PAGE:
Gone Too Soon

I can’t remember the first time I thought to myself, “I want to be a writer.”   Perhaps it’s something that has always been a part of me. As far back as I can remember I’ve had story ideas weaving themselves together in my head. Images, feelings, characters, places….they circle around, bouncing off each other. Growing with intensity, and then fading into the background. Because for some reason, they continue to stay inside, swirling around, never reaching ink on page.


I know that my constant self-judgment and internal criticism are the root cause. Often the excitement that is felt as a story plays out in my head will hit a brick wall the minute I sit down to write. “It’s simply not good enough,” and “No one will like it,” scream through me at top volume, enabling me to give into fear, and put the pen back down.


I was in a local bookstore this week. One of the last if it’s kind.   The empty shell of Borders still lies vacant in Oak Park, but I’m proud to say our independent bookstore continues to stand strong. I’m a lover of actual books. And found myself missing the paper pages between hard and soft covers alike. A Kindle is just not the same. And as I perused the shelves, looking for a copy of our selection for next month’s book club, I cam across this.


The Opposite of Loneliness

I picked it up immediately, drawn to the title. Drawn to the cover. As some of you know, depression is something that plagues me. These last few weeks were perhaps the worst it’s ever been. Something I’m terrified to share. But more terrified to keep hidden. It’s a dark, isolating, fickle disease. One that is greatly misunderstood, and treated with great social stigma in our society. Which, unfortunately, only magnifies the feelings of being alone and forgotten for those who suffer the most.


Given my mental state, the words “Opposite of Loneliness” grabbed my attention right away. Was this another young woman who struggled like me? It’s a work of essays and short stories, which is something I dream of writing one day myself. Perhaps she was in search of “The Opposite of Loneliness” as well. And found her path through the written word.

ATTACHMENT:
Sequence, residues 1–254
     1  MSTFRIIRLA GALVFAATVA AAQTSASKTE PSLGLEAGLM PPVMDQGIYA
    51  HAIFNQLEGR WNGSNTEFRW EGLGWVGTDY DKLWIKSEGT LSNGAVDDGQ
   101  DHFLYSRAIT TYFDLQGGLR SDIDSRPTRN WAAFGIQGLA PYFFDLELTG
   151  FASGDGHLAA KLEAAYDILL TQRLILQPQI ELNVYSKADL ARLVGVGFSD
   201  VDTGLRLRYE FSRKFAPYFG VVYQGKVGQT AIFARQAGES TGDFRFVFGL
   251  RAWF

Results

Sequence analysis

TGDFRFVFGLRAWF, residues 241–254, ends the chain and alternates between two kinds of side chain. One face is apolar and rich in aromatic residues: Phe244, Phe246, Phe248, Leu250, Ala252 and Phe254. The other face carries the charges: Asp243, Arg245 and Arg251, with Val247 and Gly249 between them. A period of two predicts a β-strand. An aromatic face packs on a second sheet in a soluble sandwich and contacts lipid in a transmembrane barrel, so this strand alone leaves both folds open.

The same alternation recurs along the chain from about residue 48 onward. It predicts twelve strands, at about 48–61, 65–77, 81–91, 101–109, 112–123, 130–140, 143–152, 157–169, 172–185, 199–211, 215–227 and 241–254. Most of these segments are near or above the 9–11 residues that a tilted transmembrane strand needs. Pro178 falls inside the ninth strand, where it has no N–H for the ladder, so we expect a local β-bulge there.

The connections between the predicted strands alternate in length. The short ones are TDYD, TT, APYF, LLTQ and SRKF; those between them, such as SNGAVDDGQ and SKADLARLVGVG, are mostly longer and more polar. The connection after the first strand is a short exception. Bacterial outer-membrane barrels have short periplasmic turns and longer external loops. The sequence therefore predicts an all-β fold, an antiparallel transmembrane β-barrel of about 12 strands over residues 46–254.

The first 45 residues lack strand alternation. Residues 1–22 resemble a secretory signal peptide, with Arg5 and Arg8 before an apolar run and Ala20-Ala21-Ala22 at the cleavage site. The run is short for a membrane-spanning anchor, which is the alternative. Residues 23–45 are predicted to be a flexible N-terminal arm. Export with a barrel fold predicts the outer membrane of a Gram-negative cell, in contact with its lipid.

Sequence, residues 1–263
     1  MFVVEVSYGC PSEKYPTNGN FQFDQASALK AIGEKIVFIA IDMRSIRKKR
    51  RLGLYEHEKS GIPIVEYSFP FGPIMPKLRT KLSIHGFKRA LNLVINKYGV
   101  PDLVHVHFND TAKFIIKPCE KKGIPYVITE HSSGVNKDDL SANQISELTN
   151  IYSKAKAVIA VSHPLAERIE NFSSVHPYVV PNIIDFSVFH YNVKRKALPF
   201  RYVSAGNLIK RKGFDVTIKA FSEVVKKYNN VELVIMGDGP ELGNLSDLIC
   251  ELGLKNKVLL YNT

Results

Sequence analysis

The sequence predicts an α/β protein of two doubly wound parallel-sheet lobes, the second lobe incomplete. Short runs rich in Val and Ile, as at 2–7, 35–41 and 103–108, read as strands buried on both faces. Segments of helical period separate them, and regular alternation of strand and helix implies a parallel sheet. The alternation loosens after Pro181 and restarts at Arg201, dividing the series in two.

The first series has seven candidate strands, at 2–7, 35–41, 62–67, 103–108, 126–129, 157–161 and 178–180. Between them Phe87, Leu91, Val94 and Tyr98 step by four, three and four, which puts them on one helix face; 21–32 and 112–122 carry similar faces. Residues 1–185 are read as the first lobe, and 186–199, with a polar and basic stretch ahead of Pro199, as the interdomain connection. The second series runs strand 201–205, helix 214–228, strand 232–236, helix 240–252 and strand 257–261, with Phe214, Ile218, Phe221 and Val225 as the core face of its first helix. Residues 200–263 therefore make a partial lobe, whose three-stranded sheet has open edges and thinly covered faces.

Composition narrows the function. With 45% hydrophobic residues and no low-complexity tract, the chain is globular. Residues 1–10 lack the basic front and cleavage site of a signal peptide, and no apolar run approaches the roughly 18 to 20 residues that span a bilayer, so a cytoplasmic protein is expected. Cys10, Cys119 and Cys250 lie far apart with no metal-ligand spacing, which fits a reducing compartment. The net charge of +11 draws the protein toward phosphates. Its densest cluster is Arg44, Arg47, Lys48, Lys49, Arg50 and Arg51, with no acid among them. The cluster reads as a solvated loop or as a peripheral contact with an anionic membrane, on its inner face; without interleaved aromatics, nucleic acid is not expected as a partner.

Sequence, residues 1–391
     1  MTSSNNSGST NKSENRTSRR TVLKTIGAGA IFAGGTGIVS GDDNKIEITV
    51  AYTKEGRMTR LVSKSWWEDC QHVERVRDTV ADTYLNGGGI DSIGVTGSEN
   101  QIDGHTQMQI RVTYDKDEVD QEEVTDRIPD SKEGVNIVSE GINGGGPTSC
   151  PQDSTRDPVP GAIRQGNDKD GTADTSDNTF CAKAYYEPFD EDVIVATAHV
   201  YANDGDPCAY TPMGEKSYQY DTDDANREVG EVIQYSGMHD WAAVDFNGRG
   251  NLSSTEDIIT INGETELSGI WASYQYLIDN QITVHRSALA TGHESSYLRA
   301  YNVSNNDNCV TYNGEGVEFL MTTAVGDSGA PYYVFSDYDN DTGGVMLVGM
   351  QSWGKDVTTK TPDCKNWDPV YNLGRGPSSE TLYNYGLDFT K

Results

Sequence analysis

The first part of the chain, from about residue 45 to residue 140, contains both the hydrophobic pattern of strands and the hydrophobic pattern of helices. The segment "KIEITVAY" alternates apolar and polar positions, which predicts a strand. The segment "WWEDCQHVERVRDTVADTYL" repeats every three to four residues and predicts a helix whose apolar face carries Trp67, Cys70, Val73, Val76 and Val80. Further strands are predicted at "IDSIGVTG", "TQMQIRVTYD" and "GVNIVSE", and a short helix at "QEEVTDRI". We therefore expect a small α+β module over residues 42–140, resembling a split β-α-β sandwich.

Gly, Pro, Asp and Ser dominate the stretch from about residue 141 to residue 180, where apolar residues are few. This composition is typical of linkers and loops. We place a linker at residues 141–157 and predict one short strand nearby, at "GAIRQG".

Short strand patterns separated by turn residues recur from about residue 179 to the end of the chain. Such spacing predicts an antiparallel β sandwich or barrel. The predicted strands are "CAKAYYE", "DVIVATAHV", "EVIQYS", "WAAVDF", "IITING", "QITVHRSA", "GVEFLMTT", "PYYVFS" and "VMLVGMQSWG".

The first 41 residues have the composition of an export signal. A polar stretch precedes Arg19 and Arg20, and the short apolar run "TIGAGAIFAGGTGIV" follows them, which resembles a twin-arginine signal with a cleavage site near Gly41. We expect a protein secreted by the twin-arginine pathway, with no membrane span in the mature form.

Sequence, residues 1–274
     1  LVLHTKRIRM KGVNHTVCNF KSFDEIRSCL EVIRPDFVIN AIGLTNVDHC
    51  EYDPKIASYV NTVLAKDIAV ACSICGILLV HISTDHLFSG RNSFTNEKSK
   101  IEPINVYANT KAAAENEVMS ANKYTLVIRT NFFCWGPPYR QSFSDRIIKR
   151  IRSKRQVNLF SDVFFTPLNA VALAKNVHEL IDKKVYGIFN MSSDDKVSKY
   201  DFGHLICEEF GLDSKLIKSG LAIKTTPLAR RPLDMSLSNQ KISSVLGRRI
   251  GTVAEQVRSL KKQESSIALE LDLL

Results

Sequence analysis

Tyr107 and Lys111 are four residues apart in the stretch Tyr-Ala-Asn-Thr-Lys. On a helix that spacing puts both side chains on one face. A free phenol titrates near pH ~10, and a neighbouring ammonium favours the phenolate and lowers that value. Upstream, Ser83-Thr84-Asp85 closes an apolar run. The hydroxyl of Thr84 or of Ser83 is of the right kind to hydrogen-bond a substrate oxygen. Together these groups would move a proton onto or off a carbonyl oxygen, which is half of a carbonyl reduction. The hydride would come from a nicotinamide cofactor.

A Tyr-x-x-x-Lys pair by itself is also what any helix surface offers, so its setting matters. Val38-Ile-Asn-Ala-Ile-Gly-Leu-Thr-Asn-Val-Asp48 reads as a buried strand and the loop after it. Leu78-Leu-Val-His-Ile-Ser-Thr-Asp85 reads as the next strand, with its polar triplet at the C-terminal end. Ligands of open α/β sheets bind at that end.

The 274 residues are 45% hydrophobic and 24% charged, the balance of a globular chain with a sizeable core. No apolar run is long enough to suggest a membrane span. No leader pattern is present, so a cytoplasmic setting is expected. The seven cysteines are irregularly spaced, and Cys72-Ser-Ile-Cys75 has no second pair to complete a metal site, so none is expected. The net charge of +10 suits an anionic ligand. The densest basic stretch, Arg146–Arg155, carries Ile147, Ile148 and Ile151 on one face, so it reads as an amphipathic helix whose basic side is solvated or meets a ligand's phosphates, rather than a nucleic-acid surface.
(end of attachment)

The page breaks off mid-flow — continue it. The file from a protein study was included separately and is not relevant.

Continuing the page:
As I skimmed through the reviews and book jacket, I kept seeing words like “Brilliant Talent, Left Us Too Soon,” “Voice of a Generation, Gone Too Soon.”   And that’s when I was sucked in. As I projected my own problems onto her, I wondered what had happened that she was no longer with us.


Though I haven’t read this collection of work yet, I have come to know that she was in a car accident that took her life only five days after her college graduation. And in their grief, friends, family and teachers compiled her works to publish this piece. She hadn’t taken her life, which had been my fear. She was a promising young writer, and suffered an immense tragedy that robbed her, and the world, of her voice and talent.


But death is always a tragedy. It always feels like they were gone too soon. Even at 90 years old, I feel it always leaves those of us who stay behind with some kind of regret for what was.  As well as wondering what would have been. And without having read a single word that she has written, this book has already changed me. She left this world too soon, but left behind something I hope will be truly inspiring. And as I battle my own demons, and fight to find my own “Opposite of Loneliness,” I realize that death and depression have a few things in common.


Depression has robbed me, and the world, of my voice and talent as well. But I’m still here, and I can still change that.


Depression is not to be taken lightly. And if it is something you struggle with, I urge you to seek help. It’s hard to know who to talk to, and who to trust. Though I know it feels like it, remember that you are not alone.


You may have noticed that the stretches between posts are getting longer and longer. Truthfully, I’m not sure what I’m going to do with this blog. I had wanted it to be a place of hope and inspiration and health. Which is really hard to do in a depressed state. But I’ll leave theses pages open, and I welcome your comments and ideas on where to take this next.


With love,










9 thoughts on “Gone Too Soon

  1. Katie you write so well…you must keep at it, even if it is total rubbish when you start. Keeping it from the paper is not how you are meant to live, and keeping it from the world is not right either. Doesn’t matter if what you have to say is ‘good’ or ‘valid’ or whatever, you HAVE to say it. Depression is a total bastard, but getting your head onto paper and your body into sunshine are definitley the steps to take. And knitting, never forget the knitting ;). Sending you lots of energy and hope.

  2. Your writing is “you”. It is so part of your wonderful personality. Sharing your feelings and insights is tough. I do feel it’s a healthy process when dealing with depression. You are helping others by sharing your story. I love Lesley’s comment – getting your head onto paper and your body out in the sunshine – You love to write, keep it up and post when it fits best for you.

  3. I agree with the last comment. I’m sorry things are rough for you at this point. But I agree with the last comment. Reading your story does help me – however you choose to tell it. take care.

  4. Katie, you are a beautiful young lady… you have a terrific smile that brightens your face, you write a blog that gives this reader words to ponder. Thank you. Thoughts of peace and prayers for you and for people with depression.

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